Urologic Surgical Associates of Delaware
We are pleased to announce our expanded office hours offering evening appointments on Tuesdays in addition to same day/next day appointments during 12-1pm. Please call us now for an appointment at (302) 571-8958 or by using our online appointment form.

USA Delaware is pleased to announce that Fran Schanne, MD, FACS has been voted a "2013 Top Doc" by the readers of Delaware Today.

We are proud to be the first urologists in Delaware to offer robotic surgery for prostate cancer, bladder cancer and kidney cancer using the da Vinci Surgical system.

Top Doctors
"Smooth Operators" article featuring Dr. Schanne!

Comcast NewsMakers
Featuring Dr. Schanne describing prostate cancer treatment using the da Vinci Surgical System.

News Archive

Robotic-Assisted Laparoscopic Radical Nephrectomy Peri-op Instructions
Robotic-Assisted Laparoscopic Radical Nephrectomy is the use of robotic technology to facilitate removal of a cancerous kidney laparoscopically. The surgery is performed through 5-6 small key-hole incisions (1-2cm in size) to remove the kidney with the cancer. One or two of these small incisions will be extended in order to extract the specimen at the end of the case. This will result in a 3-5 inch incision.

For Robotic Radical Nephrectomy you will be admitted the day of surgery and usually you will be discharged 1-2 days after the surgery. The two keys to being discharged are tolerating a liquid diet and tolerating oral pain control. Most patients do not have their first post-operative bowel movement until after discharge to home.

Radical Nephrectomy involves placing surgical clips on the renal artery and vein. You must take great care not to risk undue strain on the surgery site. In general, this area does not bleed significantly during the post-op period and most patients’ experience very little bleeding overall from this surgery but the surgical repair site must be protected from strenuous activity or straining to prevent any significant bleeding during the first four weeks of post-operative recovery. In general, for the first four weeks do not lift anything heavier than 20 lbs, do not do anything strenuous, and avoid athletic training.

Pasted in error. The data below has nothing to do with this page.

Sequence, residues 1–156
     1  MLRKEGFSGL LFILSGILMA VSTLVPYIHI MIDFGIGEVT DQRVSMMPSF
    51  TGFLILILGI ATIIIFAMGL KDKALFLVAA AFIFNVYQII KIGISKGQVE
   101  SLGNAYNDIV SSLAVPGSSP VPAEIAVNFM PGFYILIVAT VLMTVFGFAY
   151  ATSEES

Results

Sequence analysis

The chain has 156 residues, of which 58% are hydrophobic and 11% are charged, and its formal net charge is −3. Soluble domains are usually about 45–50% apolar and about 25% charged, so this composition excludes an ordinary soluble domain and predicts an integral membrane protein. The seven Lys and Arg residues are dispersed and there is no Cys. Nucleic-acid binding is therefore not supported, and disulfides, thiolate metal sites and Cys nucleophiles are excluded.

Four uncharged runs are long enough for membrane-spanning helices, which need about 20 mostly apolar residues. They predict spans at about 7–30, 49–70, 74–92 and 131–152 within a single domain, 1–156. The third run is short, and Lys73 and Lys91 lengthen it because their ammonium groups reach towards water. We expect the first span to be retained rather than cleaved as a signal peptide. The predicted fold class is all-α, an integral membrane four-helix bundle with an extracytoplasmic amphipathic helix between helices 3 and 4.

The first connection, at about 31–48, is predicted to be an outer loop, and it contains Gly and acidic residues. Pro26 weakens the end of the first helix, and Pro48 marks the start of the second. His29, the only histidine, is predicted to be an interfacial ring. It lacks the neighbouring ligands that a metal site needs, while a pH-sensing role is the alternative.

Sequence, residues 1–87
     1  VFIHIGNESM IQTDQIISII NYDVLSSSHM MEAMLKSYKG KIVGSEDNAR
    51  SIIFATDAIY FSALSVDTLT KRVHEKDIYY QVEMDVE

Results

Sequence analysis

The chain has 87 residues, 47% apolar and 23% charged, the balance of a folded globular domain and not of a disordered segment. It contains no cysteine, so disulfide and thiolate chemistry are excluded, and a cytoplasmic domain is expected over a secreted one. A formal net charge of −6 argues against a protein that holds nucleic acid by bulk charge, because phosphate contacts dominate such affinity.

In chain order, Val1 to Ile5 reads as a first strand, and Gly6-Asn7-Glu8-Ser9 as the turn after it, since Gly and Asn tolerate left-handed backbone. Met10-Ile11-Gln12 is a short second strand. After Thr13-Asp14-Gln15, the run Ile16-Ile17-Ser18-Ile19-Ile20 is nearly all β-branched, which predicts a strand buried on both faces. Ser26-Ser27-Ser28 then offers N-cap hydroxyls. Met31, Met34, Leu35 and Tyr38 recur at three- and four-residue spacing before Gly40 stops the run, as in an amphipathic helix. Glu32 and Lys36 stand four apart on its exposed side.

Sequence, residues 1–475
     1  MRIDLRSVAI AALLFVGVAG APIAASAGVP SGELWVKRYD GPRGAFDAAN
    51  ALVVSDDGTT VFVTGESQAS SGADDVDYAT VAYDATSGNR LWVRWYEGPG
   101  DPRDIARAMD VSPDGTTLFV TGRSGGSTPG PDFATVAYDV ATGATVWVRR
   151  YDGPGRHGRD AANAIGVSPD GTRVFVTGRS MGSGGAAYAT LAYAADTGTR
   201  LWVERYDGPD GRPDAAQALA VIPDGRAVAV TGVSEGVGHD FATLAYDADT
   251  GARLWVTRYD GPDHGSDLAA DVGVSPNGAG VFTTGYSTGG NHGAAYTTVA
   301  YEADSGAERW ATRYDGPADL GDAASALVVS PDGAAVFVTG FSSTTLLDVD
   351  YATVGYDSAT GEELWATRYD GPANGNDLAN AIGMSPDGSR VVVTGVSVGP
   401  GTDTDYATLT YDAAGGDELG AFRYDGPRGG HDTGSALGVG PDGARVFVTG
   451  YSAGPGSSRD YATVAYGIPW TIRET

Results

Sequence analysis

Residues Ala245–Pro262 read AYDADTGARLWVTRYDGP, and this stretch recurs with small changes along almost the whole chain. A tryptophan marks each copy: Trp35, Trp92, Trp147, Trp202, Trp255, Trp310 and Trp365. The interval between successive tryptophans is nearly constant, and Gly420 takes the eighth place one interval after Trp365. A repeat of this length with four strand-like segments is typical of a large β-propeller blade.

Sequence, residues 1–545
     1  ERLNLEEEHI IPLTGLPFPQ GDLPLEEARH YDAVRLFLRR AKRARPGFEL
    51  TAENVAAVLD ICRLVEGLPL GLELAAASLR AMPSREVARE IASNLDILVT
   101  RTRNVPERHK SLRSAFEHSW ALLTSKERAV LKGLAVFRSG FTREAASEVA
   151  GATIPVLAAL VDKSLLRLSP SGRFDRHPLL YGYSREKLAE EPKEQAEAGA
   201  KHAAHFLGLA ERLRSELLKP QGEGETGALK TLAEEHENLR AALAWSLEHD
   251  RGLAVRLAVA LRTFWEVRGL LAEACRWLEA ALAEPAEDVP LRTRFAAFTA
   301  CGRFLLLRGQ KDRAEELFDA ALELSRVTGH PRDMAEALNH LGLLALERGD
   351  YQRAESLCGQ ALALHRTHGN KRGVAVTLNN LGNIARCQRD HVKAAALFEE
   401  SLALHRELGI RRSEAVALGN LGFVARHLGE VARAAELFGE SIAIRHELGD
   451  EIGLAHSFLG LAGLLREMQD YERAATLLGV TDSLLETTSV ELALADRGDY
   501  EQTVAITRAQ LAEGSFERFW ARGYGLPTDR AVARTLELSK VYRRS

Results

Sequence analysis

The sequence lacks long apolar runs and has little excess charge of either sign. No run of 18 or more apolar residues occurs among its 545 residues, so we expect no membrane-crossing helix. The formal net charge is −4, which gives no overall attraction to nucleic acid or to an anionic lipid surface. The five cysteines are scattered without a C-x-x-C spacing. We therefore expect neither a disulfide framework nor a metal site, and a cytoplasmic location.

We do encourage you, however, to engage in walking multiple times a day as early on in your recovery as possible. The major risk of cancer surgery is a blood clot from your leg moving up into your lung (a pulmonary embolus, or PE). The blood in the veins of your legs move only if the muscles of your legs are moving and compressing the veins. When you are inactive, such as during a long airplane flight or during/after surgery, your leg muscles are not moving and so the blood stagnates, congeals, and forms a clot. This clot can then move up to your lung causing an embolus. So the best way to prevent a blood clot to your lung is by moving your legs early and often during your recovery. The best leg movement is walking but it is helpful to bend your knees up toward your chest when sitting or lying in bed. We will also help reduce your risk of clot by using compressive leg stockings and intermittent pneumatic compressive devices (which squeeze your leg muscles intermittently). We will also use a daily blood thinner while you are in the hospital and when you get home you can continue on an aspirin a day for one month following the surgery to thin the blood.

Another important aspect to your post-operative recovery is the resumption of bowel function. The anesthetic, abdominal insufflation, pain medications, and post-operative immobility are all constipating. For this reason we have you prepare the day before surgery with a bowel prep and then post-operatively encourage you to remain on a liquid diet and to use milk of magnesia three times a day until your first bowel movement (usually post-operative day three or four).

There will usually be 5-6 small port site incisions the size of a fingernail located on your abdomen on the side of the affected kidney as well as 3-5 inch incision site where the kidney was removed at the end of your surgery. There will be transparent bandages of tegaderm over small gauze bandages covering these incisions and you can remove these bandages on post-operative day two or three. Under these bandages are two small steri-strip Band-Aids over your incision. These steristrip bandaids will fall off on their own in 1-2 weeks.

You will follow up for a wound check about 2 weeks after the surgery and at that time your surgical pathology should be available. The surgical pathology will determine if the tumor removed is cancerous and if so the extent of how aggressive and advanced it is. If the tumor is cancerous, you will need to continue monitoring with x-rays and lab studies to determine the ongoing status and next steps.